Who needs a wig?
Anyone who needs to look good in a hurry, some professionals have come to rely on wigs.
Let’s face it, hair misbehaves sometimes, a wig could save the day.
• You’ve cut your hair and you miss it so much –
• You want to be a red head – sometimes
• You are an actress who wants to show some versatility
• You are a chemo patient and your hair fell out
• You have alopecia and don’t have any hair ever
• You have a more creative vision of yourself than your current hair allows.
Wear And Care
The wig shop or your hairdresser can demonstrate how to put your wig on properly by grasping it in the front and rolling it back over your head. It should fit securely but not be uncomfortably tight. Line up the points on the side of the wig in front of your ears, where a man's sideburns start. Your ears should be pulled out over the wig, not tucked under.
As hair loss progresses, it may become difficult to tell where your natural hairline is. It's easy to wind up wearing a wig too low or too high on your forehead. Keep a photo that shows your natural hairline to use as a guide.
Under any type of wig, you'll need to wear a cap. These are soft, snug nylon or cotton coverings that protect your scalp, control your hair and keep the wig from slipping. Buy more caps than you think you will need; it's good to have extras and rotate them regularly.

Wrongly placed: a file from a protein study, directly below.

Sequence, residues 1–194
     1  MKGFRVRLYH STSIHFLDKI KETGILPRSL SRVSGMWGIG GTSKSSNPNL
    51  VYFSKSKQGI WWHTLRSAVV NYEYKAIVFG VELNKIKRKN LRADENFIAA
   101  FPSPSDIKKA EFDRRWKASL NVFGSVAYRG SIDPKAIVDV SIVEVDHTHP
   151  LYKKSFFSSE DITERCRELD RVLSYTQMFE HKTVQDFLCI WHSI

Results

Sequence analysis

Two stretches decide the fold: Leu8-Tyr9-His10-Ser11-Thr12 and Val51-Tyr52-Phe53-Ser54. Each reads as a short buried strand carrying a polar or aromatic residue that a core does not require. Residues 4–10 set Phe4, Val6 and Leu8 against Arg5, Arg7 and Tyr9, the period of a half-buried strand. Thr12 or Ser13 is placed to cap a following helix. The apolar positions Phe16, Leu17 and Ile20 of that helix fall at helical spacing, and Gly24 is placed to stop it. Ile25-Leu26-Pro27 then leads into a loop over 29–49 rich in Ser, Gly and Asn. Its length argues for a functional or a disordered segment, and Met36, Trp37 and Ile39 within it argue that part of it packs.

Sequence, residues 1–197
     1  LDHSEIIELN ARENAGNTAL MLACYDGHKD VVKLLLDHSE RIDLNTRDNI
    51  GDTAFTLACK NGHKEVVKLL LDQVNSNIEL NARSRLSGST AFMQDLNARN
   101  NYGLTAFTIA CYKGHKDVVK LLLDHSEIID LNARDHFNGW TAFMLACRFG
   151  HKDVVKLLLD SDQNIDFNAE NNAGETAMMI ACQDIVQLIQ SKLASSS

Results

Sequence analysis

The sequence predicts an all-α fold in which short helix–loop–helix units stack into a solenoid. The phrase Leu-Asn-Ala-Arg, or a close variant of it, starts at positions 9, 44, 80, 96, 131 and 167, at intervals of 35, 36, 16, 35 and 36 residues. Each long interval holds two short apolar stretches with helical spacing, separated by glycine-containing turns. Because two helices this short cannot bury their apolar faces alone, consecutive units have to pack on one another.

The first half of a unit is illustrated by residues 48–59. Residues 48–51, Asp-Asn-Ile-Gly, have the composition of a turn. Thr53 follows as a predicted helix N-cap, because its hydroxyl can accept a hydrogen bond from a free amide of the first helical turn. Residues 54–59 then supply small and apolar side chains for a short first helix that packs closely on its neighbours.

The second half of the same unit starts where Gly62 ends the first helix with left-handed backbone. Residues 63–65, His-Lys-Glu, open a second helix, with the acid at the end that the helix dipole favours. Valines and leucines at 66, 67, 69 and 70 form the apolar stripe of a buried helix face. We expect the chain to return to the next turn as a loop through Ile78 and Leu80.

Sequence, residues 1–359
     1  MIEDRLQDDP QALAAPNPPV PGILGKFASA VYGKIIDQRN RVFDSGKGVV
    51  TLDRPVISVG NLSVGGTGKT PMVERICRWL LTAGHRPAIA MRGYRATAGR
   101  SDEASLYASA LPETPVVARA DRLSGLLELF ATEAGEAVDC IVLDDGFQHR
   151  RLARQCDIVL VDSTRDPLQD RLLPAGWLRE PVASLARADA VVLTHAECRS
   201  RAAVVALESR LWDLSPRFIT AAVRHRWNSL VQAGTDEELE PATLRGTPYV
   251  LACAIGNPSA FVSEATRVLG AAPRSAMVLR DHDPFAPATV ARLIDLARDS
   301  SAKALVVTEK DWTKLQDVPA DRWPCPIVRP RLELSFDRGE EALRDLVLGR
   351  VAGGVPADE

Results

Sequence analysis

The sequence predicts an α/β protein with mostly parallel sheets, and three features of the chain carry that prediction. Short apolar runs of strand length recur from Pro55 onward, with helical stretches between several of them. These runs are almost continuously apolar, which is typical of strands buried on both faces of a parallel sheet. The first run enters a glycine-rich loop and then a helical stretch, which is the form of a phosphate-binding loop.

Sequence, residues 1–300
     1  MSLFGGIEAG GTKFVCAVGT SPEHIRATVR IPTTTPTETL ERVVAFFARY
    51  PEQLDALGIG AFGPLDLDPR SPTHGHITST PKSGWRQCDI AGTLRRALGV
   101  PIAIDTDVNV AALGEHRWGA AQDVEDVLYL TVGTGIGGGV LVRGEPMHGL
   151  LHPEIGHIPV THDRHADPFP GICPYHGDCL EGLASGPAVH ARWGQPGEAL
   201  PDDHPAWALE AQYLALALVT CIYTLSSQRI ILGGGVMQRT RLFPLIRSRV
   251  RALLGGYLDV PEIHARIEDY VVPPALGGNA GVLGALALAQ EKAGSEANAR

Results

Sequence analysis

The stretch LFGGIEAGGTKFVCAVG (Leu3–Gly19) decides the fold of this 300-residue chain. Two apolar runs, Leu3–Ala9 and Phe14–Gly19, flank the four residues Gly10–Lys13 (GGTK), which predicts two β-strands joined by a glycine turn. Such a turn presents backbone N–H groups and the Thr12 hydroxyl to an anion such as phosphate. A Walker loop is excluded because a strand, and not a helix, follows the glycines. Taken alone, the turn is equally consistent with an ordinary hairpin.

Your wig may need to be refitted after you loose your hair, particularly if you had long or thick hair when you purchased it. Most wigs have adjustable straps at the back to change the size; if the wig still feels loose, take it back to the store for adjustment.
All wigs require a certain amount of daily care but probably less than the time you'd spend on your own hair
- When you take off your wig, store it on a Styrofoam, wood or cloth-covered head form.
- Smooth out the hair with a comb.
- Pin short styles to set curls; roll or twist longer styles and secure with pins.
- Lightly spray with low alcohol hair spray if desired and let dry.
- Cover with hair net.
- Store away from heat, dust and humidity.
Washing and Setting
If worn regularly, you'll want to wash and set your wig every week or two. Synthetic wigs can be washed and styled at home or taken to your hairstylist or wig shop. Human hair is more difficult to handle, so it's best left to professionals.
- Brush wig starting at ends and work up to the scalp with a wire wig brush.
- Submerge wig in a bowl or sink of cool water and baby shampoo or soap for wigs. Gently swish.
- Soak for five minutes.
- Rinse in cool water.
- If desired, condition hair with a product for wigs or a conditioner with lanolin.
- Rinse again in cool water.
- Gently squeeze out water -- do not twist.
- Blot dry with a towel.
- Place wig on a tall, slender object like a hair spray can so air can circulate through the wig.
- Allow to air-dry completely. Never brush a wet wig. (Only blow-dry if the manufacturer recommends it.)
- Gently brush from ends to scalp with wig brush.
Most synthetic wigs have the style molded into the hair, so simply control and emphasize the set with hot rollers set on medium or low.
(Never use curling irons or hair dryers on synthetic wigs.)